I agree that it’s tough to get at the root of the problem – drug rings using dogs to guard labs and drug houses, dogfight gambling for profit and money laundering, gang wars – but that’s the real root of the problem. I often ask, if these people are already committing felonies, why do we think they’ll change their behavior for a little dog law? Really?
Also, the tactics used to portray unified opposition have been unbecoming. They have pressured, arm-twisted and where needed, resorted to character attacks.... They do not want a public discussion offering alternative, effective solutions.
Let’s talk about reasonable public discussion, shall we? (For those keeping track, this is where I finally decided that Councilman Speedy was simply not interested in education or discussion, no matter what he claims.)
Councilman Speedy claims that, “Opponents to the At Risk Dog proposal agree ... that a breed specific solution is needed.” This is wholly untrue, ignoring the many voices which claim that any dog can bite, that citizens deserve to be protected from dangerous dogs of any breed, and that the existing dangerous dog laws should be more stringently enforced. In fact, what prompted Councilman Speedy’s open letter was a plea for the council to put aside this breed-specific proposal while animal welfare groups drafted an alternate plan which would address dangerous dogs of any breed and welfare for every breed.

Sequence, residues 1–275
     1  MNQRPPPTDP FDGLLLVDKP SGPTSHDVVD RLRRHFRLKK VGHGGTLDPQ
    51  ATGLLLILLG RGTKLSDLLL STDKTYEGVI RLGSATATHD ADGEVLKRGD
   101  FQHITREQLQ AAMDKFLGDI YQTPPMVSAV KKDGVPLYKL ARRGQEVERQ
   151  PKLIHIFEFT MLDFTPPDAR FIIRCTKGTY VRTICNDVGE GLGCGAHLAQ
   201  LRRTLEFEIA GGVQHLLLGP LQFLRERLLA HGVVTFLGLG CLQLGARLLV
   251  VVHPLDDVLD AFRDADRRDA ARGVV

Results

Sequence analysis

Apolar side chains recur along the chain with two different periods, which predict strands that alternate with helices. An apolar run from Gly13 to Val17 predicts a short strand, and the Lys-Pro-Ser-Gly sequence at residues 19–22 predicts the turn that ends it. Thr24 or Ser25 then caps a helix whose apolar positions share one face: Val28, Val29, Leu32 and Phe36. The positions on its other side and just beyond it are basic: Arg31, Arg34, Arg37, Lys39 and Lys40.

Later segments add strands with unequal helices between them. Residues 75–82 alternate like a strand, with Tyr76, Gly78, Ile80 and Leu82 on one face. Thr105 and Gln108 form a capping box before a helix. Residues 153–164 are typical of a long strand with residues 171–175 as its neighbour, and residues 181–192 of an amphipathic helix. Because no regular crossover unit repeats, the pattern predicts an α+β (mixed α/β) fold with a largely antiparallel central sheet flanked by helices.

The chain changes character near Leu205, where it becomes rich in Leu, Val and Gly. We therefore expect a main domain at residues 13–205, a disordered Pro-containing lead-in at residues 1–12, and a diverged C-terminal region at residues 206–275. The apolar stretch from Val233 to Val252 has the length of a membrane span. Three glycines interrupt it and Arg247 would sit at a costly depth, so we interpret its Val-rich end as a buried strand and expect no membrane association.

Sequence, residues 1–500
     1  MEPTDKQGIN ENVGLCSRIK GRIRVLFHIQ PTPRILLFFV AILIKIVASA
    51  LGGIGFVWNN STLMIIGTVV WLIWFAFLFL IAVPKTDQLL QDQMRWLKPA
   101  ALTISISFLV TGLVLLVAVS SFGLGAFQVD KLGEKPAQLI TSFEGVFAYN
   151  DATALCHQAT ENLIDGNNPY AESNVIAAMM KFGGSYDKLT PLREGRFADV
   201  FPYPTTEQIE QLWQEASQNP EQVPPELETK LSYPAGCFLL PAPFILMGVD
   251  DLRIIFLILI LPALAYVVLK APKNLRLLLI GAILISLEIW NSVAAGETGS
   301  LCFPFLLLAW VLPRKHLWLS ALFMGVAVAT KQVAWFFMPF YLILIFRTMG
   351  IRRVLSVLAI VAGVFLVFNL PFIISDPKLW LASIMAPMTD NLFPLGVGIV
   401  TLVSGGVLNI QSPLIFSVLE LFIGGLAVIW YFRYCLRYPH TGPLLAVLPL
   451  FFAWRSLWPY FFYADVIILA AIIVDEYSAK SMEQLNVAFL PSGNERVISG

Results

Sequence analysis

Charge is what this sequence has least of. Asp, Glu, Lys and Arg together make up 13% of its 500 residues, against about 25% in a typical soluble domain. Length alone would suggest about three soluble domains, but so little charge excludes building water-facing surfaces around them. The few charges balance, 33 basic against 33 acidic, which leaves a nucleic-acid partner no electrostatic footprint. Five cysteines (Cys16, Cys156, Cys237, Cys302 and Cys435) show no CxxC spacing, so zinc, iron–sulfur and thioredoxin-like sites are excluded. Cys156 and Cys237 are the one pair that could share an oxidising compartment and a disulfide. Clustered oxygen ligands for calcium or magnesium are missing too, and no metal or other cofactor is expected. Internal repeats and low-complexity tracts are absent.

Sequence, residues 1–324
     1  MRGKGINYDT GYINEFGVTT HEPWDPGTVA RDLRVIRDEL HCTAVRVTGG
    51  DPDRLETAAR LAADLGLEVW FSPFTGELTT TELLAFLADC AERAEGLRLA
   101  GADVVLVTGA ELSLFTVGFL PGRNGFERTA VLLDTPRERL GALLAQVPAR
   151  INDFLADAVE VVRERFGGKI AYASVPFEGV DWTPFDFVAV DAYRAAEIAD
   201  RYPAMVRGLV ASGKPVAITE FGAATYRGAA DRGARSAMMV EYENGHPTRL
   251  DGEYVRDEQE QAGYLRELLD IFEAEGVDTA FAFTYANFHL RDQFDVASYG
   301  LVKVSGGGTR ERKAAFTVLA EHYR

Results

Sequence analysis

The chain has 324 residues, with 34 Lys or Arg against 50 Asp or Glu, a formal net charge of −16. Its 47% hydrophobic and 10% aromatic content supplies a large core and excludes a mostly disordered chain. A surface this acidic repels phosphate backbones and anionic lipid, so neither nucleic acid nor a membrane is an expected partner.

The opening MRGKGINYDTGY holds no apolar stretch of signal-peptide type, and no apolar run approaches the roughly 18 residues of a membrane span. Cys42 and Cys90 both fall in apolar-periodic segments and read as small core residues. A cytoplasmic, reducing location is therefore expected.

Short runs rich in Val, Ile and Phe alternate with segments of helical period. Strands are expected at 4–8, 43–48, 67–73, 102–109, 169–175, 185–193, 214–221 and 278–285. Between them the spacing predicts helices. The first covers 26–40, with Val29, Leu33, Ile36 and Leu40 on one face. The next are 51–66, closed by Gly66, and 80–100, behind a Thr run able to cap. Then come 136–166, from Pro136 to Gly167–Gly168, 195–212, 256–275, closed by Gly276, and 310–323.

Perhaps Councilman Speedy misunderstood the letter? Let's look:
"The Humane Society of Indianapolis and the entire animal welfare community cited by name on our attached position statement is completely opposed to ANY BSL ordinance and will adamantly work to defeat any such ordinance."
That bold print is original. No, I don't think he could have been mistaken. This letter was still attached to Councilman Mike Speedy's reply-all response -- why would he pretend there is unanimous support for breed-specific legislation? Does he think his constituents are really that stupid?
Next, let’s examine the “public discussion” which Councilman Speedy wants. His only public citation for his pit bull data is dogsbite.org, whose “study” is admittedly merely a survey of media stories -– not data from behaviorists, animal control officers, medical personnel, trainers, veterinarians, or experts of any kind.
Why aren't news stories accepted as reliable data? Because they’re not reliable. Media inaccuracy is one reason the CDC gave up collecting statistics; news reporters are not trained to identify breeds and:
The National Canine Research Council has preserved just a few inaccurate reports with photos.